A batting order as spectacular as the Sydney Harbour and the most talented assembled for a Test has turned a Super Series into a disappointment. On a day when the World XI were expected to shed their holiday batting image, they collapsed limply as the waiting for an outstanding performance continued.
Five days into the Super Series concoction only the Australians have neared world-class standard and the concept is coughing. A close contest is essential to keep the idea on a four-year calendar but after the World XI folded for 190 the possibility of the match lasting six days depends on a blanket of heavy clouds and a second-innings miracle.
If any of the seven countries represented by this outfit delivered such an ill-disciplined display their supporters would be furious. The World XI players have had trouble clicking as a unit but this was a team performance brought down by a lack of individual application. There were no run-outs, poor communication could not be blamed for their batting and Graeme Smith had told his players to take responsibility for their significantly analysed actions.
Smith called his cohort into a huddle before starting the second innings but it needed to be more than a public relations exercise following a batting exhibition where the captain set the tone, falling for 12 to a hook shot from Brett Lee. Rahul Dravid nibbled and Brian Lara shuffled at Glenn McGrath to push him past Courtney Walsh's fast-bowling record of 519 wickets.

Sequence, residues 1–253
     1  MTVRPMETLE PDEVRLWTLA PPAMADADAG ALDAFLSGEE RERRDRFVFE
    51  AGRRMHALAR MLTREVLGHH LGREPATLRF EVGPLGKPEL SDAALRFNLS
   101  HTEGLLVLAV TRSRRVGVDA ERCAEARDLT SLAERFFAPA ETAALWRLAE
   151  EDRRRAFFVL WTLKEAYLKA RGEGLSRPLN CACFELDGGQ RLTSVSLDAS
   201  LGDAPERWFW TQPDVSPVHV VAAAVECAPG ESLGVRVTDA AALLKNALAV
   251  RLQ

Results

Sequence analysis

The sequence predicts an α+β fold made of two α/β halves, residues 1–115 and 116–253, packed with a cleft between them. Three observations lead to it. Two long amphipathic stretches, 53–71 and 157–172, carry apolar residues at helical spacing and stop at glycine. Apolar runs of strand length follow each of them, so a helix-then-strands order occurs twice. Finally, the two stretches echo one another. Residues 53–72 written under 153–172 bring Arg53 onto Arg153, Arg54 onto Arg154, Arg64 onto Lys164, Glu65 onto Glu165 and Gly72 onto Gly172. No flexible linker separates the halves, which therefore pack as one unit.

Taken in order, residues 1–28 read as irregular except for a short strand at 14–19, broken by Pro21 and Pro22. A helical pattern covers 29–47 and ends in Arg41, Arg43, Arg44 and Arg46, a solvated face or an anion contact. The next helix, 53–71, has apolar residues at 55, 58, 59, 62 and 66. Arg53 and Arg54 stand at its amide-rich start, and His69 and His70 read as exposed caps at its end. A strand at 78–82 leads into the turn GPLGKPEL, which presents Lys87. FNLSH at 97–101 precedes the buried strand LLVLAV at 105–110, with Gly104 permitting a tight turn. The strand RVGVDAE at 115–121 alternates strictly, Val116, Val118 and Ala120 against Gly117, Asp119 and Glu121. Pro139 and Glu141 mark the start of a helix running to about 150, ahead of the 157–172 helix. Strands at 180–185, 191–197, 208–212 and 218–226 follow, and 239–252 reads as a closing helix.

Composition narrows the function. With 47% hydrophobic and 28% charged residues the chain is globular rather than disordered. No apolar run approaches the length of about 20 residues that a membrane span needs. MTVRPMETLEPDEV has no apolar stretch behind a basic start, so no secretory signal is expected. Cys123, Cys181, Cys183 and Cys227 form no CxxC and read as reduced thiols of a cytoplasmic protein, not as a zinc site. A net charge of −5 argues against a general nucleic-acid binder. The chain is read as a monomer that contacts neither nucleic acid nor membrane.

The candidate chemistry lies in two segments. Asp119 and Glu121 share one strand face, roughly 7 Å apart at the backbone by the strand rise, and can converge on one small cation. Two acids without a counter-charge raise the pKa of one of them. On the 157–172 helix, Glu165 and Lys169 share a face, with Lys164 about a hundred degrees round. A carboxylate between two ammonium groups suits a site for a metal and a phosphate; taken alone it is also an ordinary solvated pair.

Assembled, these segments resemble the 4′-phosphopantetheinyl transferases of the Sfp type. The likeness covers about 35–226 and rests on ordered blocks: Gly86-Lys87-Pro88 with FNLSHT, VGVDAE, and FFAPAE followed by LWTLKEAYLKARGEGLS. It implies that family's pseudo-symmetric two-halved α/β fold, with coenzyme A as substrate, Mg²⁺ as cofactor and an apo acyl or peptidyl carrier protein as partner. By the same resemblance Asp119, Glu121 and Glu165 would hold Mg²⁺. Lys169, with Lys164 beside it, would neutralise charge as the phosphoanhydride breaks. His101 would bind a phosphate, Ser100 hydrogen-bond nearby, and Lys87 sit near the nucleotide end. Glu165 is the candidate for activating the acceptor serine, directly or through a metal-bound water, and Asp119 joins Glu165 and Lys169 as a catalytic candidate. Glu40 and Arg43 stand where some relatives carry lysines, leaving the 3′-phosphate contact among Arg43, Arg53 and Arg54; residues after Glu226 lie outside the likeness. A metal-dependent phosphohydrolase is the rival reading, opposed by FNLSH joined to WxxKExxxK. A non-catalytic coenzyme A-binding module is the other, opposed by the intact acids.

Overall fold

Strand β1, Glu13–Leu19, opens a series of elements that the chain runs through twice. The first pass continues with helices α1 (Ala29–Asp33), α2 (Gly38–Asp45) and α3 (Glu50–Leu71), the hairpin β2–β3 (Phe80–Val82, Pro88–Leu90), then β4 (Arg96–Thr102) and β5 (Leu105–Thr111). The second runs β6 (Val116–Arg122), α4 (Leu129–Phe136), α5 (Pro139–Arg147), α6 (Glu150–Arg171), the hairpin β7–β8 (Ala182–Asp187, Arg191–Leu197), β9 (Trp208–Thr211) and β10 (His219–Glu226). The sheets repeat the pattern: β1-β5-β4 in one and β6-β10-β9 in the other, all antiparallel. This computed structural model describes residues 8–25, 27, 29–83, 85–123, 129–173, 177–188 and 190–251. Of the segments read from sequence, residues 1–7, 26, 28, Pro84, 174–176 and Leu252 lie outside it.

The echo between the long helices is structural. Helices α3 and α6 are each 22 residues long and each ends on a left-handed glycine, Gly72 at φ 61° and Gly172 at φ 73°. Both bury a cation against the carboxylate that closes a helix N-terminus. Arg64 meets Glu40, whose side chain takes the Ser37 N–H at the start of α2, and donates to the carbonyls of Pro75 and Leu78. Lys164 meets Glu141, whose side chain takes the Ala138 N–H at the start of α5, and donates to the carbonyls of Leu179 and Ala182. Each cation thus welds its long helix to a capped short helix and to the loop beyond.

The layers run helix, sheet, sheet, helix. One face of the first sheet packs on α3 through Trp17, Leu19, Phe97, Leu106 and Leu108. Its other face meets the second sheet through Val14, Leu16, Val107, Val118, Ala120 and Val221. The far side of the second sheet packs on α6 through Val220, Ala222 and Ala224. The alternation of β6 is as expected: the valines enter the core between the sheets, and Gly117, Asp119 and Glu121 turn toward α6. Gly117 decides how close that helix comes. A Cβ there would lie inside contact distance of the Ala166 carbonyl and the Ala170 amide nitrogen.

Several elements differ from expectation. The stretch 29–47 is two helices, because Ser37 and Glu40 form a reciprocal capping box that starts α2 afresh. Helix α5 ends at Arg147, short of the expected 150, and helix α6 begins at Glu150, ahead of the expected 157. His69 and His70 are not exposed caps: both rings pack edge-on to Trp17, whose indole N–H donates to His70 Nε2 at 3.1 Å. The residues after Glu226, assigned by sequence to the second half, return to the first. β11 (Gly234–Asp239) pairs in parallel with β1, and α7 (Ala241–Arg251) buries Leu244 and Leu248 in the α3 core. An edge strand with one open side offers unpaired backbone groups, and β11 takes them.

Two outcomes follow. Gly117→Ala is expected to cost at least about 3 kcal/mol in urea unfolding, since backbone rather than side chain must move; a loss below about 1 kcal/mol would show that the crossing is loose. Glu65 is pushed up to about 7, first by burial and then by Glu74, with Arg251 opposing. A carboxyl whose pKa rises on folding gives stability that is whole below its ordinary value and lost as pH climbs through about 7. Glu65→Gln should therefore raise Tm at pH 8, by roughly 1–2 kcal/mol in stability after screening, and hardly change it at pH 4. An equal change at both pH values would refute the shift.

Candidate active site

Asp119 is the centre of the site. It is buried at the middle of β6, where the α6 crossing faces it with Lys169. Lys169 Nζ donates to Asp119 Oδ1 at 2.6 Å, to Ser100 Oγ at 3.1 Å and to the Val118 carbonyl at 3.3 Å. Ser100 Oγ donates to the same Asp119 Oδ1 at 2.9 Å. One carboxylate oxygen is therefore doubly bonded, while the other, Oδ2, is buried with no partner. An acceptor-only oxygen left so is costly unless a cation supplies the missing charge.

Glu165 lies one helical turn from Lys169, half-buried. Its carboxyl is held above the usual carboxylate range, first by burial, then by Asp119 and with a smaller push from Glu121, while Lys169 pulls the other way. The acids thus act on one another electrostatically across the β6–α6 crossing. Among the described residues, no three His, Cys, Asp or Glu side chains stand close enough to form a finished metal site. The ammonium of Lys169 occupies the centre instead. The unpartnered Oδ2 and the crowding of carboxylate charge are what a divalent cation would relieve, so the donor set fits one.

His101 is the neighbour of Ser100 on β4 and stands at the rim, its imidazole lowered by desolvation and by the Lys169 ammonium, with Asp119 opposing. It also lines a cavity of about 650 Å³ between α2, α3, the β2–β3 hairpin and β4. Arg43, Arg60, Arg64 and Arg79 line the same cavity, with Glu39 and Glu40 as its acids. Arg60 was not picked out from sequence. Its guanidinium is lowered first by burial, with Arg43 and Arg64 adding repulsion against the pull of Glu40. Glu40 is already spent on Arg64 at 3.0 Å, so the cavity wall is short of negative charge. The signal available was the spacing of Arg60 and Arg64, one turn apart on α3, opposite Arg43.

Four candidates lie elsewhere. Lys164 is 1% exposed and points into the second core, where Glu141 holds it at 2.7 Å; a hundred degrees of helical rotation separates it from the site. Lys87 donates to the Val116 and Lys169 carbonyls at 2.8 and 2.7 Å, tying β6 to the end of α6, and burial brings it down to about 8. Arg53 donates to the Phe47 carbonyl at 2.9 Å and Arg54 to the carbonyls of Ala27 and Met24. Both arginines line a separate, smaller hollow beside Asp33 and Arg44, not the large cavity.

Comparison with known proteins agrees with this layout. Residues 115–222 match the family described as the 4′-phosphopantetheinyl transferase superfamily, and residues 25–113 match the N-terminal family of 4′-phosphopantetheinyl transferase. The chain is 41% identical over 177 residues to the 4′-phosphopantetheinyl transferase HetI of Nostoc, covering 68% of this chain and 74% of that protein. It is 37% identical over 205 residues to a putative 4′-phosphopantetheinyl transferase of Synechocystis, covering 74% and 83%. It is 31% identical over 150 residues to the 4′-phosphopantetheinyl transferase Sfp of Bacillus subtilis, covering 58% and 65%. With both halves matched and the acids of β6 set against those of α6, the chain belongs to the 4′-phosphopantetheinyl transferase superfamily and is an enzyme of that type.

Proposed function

McGrath was superb and the main fast-bowling danger as his partners Brett Lee and Shane Watson went at more than a run a ball. Virender Sehwag's brutal 76 came closest to an innings of brilliance as he pounded the fence either side of point, and he received something approaching substance from Jacques Kallis. But when Stuart MacGill joined Shane Warne Australia's bowling went from stop-start to full-on as the World lost 7 for 56.
The mood changed immediately as MacGill almost power-walked between deliveries, even when belted for two sixes in an over by Andrew Flintoff. The crowd lifted from a buzz to a burst and the batsmen, who were aware that even the slightest mistakes were headed for more analysis in the video umpire's room, were under pressure from both ends. Sehwag was unlucky to find Simon Katich's stomach at short-leg off Warne and the momentum increased when Inzamam-ul-Haq played a dozy innings that included a close lbw appeal off Warne turned away by the third umpire before MacGill had him stumped.
Tentative prods also defeated Kallis and Mark Boucher before Flintoff, who wrapped up Australia's innings with the swinging spell of a wily county pro, sped out of control in the same over he took to MacGill. Seven of the globe's best batsmen had gone with a whisper and a banner in the crowd asked: "Do the winners play England?"
On the Australian side MacGill was yelling in delight at his four dismissals, one more than Warne who had given away less than two runs an over and accepted three wickets. The pair provided a magical example of attacking legspin in a slow-bowling amphitheatre against a batting order that knew better.
Before the match Malcolm Speed, the ICC chief executive, said this game would decide whether the Rest of the World side would survive. After two days of the Test the idea is in tatters and with Australia leading by 221 runs a Super Series has become another uncompetitive one.